The Fair Work Ombudsman website requires JavaScript. Please enable JavaScript on your browser.

The Inquiry’s findings

With regard to Councils, the Inquiry found:

  • 14 of the 23 (61%) Councils had a non-compliant labour supply chain
  • Councils failed to utilise their respective local government association for procurement support or advice
  • the majority of metropolitan Councils had procurement departments which included legal support
  • the majority of metropolitan Councils designed and drafted their own procurement processes, policies and contracts
  • smaller Councils (mostly in regional areas) did not have procurement departments
  • contracts contained generic references requiring principal contractors to be compliant with all relevant State and Commonwealth legislation but silent on any requirement relating to ‘real-time’ compliance auditing
  • some contracts contained generic references to an obligation by principal contractors to seek permission from the relevant Council before subcontracting, although in many instances this wasn’t referenced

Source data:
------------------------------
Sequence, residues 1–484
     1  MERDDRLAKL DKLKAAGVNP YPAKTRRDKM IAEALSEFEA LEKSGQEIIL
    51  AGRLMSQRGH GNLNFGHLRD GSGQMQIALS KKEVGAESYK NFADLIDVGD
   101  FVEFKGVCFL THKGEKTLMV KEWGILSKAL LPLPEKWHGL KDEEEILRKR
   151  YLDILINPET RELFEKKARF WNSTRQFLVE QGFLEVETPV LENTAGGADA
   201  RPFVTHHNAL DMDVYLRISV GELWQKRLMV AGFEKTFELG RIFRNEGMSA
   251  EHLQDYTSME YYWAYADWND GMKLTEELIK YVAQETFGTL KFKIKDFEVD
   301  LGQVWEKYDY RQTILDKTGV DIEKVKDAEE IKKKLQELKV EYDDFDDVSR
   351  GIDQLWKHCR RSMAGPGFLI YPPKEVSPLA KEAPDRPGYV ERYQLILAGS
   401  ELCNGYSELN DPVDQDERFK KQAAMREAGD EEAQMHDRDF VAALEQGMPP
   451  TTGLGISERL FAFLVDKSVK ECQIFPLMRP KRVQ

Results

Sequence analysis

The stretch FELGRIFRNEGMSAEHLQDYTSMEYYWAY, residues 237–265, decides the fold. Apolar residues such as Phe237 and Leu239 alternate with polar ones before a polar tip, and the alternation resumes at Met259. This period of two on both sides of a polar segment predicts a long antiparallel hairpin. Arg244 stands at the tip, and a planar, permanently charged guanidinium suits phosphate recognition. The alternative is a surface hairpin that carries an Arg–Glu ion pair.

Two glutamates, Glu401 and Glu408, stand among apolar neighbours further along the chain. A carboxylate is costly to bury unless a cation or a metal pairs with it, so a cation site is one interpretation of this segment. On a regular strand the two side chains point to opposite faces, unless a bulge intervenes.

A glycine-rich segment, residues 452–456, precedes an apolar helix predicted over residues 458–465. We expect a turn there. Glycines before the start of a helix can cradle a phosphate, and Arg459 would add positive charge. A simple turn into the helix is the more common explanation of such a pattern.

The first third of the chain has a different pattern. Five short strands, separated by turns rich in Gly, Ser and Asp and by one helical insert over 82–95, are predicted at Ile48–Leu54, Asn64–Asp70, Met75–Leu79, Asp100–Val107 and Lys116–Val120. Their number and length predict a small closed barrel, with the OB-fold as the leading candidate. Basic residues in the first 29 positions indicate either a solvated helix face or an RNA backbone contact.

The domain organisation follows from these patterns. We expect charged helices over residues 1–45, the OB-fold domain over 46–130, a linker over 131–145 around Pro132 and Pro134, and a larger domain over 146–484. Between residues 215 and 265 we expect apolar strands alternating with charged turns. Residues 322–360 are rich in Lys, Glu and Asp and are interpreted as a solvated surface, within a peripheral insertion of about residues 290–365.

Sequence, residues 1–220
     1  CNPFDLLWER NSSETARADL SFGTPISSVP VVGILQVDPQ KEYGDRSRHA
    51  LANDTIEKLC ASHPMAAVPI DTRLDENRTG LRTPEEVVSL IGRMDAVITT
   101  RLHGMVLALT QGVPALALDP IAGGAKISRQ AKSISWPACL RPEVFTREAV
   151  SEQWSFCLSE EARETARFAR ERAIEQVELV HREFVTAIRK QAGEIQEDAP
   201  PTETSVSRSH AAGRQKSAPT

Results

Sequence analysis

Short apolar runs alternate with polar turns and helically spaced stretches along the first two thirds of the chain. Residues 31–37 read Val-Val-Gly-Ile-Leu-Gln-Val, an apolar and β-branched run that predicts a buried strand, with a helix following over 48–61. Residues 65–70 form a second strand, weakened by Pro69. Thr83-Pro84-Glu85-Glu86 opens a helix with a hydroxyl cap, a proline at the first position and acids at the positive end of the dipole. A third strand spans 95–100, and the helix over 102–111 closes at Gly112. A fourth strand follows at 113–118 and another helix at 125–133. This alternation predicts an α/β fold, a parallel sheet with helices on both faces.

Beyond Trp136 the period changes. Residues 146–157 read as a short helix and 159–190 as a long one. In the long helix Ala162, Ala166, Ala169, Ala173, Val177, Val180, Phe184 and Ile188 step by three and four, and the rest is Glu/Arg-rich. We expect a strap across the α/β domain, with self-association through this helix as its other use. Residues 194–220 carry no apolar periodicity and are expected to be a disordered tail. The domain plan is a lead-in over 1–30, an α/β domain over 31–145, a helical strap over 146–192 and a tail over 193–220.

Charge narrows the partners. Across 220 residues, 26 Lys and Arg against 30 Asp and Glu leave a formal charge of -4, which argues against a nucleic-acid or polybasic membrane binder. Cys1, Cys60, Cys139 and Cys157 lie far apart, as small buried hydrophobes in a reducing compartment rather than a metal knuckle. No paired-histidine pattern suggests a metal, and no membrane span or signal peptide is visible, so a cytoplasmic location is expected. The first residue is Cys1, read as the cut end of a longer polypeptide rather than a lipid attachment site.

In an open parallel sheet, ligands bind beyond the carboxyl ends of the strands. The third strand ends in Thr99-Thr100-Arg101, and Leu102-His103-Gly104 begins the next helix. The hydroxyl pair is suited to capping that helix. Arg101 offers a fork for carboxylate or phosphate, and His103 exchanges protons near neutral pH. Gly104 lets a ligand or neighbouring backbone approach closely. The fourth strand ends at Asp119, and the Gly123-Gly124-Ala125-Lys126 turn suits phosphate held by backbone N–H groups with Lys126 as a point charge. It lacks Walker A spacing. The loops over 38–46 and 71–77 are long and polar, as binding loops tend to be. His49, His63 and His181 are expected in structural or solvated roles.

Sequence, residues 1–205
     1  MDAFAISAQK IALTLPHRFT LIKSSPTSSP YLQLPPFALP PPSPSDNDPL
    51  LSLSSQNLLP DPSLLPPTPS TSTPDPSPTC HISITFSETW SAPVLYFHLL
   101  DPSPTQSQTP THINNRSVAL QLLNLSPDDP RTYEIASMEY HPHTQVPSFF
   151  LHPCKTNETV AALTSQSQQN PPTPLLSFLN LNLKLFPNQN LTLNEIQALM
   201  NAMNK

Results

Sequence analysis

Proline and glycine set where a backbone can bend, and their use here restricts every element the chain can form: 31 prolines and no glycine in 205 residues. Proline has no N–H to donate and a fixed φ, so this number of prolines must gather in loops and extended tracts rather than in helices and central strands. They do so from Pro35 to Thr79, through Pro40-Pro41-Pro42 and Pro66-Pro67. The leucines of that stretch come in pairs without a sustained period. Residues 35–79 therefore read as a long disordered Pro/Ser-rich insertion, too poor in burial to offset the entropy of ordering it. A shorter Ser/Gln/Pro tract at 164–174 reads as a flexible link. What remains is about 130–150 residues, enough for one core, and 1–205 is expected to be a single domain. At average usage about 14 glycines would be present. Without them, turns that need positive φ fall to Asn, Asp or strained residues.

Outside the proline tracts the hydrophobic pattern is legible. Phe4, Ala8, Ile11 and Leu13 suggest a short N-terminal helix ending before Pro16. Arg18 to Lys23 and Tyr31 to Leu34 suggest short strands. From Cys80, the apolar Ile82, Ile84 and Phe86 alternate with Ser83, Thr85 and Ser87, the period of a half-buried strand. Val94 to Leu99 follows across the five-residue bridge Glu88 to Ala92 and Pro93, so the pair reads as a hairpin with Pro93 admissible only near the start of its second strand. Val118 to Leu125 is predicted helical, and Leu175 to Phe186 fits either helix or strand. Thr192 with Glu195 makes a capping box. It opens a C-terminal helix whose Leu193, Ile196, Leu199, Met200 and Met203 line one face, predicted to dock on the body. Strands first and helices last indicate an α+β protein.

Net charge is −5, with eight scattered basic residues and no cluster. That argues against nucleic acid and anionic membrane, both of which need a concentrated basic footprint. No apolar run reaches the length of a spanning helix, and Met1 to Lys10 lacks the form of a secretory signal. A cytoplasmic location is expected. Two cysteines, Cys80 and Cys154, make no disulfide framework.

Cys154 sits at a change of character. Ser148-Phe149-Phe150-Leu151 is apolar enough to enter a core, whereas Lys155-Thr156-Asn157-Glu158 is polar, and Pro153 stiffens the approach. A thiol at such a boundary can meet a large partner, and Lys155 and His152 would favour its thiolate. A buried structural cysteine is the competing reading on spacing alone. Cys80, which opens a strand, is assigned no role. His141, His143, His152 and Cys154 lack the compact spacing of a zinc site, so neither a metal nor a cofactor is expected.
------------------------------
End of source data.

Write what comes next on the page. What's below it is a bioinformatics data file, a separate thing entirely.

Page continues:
• an absence of any proactive governance measures or real-time compliance auditing once a principal contractor was engaged
  • no evidence of any security workers engaged on ABNs or workers claiming to be independent contractors.

With regard to the principal contractors and subcontractors, the Inquiry found:

  • 42% of principal contractors (16 of 38) and 63% of subcontractors (12 of 19) failed to comply with Commonwealth workplace laws, with every state (but not the NT) having at least one instance of non-compliance
  • total underpayments of $72 250 to 54 (12%) employees from 464 employee records assessed (just over $51 410 was underpaid by subcontractors, with the remaining having been underpaid by principal contractors), resulting in the following compliance outcomes:
  • four INs issued to one principal contractor and three subcontractors totalling $900
  • 15 CNs issued to seven principal contractors and eight subcontractors
  • 26 FCs issued to 15 principal contractors and 11 subcontractors
  • one EU entered into with Melnor Security Pty Ltd
  • legal proceedings commenced against VIP Security Services Pty Ltd and Adam Marcinkowski alleging adverse action and underpayments.